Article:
Public Service – Smooth Transition to Firefox

Mozilla Firefox is a web browser, which can serve as a replacement to Internet Explorer. It is mature, complete and stable. It is well designed and easy to use; the user doesn’t have to be a computer expert to use it. Any user of Internet Explorer can begin using Firefox without learning anything new. It also has tabbed browsing, which means that a user can open several websites in one window, instead of opening a separate window for every site, which is unbelievably convenient. It also has very advanced pop-up blocking and security features.

It also has several advantages that seem less important to the average user, but they are quite important in the long run: It is portable, which means that it can be used by users of different computers and operating systems, such as Macintosh or Linux. It is also built with standards compliance in mind, which means that it helps website developers to create sites that are supposed to look the same in all web browsers on all platforms according to the official standards published by W3C – World Wide Web Consortium. Moreover it is Free Software (Open Source), which means that you don’t have to pay anything for using it, and if you are a programmer, you can improve it to suit your needs. Thus it promotes fair technological competition and innovation.

Firefox has only one significant disadvantage: Some websites are built to work in Internet Explorer only. It is not Firefox’s fault – Microsoft dominated the web browsers market with nonstandard technology and many website developers never bothered to improve their sites to the latest standards. This is a simple manual that will help you to work around this problem.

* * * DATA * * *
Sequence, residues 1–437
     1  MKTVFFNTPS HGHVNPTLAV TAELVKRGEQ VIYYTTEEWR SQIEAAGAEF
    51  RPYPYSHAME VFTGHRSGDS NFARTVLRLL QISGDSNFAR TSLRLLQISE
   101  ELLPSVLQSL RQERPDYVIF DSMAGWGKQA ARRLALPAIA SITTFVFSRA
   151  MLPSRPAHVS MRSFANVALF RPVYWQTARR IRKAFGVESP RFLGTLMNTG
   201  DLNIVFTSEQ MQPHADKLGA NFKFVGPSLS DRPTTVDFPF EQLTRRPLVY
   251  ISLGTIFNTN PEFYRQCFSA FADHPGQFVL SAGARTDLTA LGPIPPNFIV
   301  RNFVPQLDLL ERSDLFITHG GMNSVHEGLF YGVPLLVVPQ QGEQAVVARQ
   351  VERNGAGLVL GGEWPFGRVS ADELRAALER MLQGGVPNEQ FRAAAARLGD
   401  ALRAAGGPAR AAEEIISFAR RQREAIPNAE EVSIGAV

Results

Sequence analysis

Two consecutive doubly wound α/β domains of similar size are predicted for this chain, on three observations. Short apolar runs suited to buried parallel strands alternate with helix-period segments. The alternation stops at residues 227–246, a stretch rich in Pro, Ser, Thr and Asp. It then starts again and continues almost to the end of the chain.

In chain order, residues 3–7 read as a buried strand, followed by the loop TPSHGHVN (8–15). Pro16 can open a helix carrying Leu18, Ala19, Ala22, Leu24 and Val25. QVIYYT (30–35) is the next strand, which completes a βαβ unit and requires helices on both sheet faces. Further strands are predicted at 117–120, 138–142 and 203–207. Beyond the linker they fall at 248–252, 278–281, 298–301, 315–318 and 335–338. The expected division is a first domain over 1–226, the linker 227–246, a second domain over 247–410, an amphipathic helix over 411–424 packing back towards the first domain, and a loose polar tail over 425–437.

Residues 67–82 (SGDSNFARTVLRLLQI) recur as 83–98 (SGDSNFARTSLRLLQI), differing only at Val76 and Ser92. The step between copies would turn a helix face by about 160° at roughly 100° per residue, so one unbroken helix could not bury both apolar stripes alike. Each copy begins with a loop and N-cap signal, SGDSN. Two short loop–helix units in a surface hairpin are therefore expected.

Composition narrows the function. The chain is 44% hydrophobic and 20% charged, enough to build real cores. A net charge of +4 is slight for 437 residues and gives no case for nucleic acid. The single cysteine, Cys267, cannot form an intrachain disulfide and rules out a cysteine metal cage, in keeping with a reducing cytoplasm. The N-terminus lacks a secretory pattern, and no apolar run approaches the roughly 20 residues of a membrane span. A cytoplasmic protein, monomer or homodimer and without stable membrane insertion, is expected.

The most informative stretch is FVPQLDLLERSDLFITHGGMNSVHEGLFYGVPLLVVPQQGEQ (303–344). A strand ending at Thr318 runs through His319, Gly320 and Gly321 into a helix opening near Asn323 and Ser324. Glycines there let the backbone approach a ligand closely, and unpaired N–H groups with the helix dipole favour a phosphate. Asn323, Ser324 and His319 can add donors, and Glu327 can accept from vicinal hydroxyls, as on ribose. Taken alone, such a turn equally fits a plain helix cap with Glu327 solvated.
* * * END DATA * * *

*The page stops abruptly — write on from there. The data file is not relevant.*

1. Get Firefox. Download and install it. Make sure that you download it in the language that you want.
  2. When you install Firefox, your bookmarks (favorites) will be imported from Internet Explorer. There are also programs that help you synchronize bookmarks after the installation, but i don’t use them – i use Firefox almost exclusively and don’t have any favorites in Internet Explorer at all.
  3. Firefox’s functionality can be improved using “extensions” – little programs that are very easy to install and update. There a lot of useful extensions, many of which can find at the Firefox Extensions page. Here are two important ones to help the transition from Internet Explorer:
    • IE Tab – after you install this extension, when you will see a site that looks wrong in Firefox, with one click you’ll see it as if it would be shown with Internet Explorer. Just click the little Firefox icon in the bottom-right corner of the window. You can also configure it to automatically show specific bad sites using IE by right-clicking that icon.
    • Google Toolbar for Firefox – it looks and works just like the Google Toolbar for Internet Explorer.
  4. Do you have favorite search engines or reference sites? Such as IMDB, Teoma, Wikipedia, Merriam-Webster, AllMusic, Lexis-Nexis, Sakhr or De Mauro? In Firefox you can search these sites easily and quickly using “search plugins”. Default Firefox installation comes with search plugins for Google, eBay, and several others. More can be added from the Firefox search plugin collection, nicknamed Mycroft.

That’s it for now. Please ask me more, if you have any problems. Make the move – it’s easy and free and it is worth the try!


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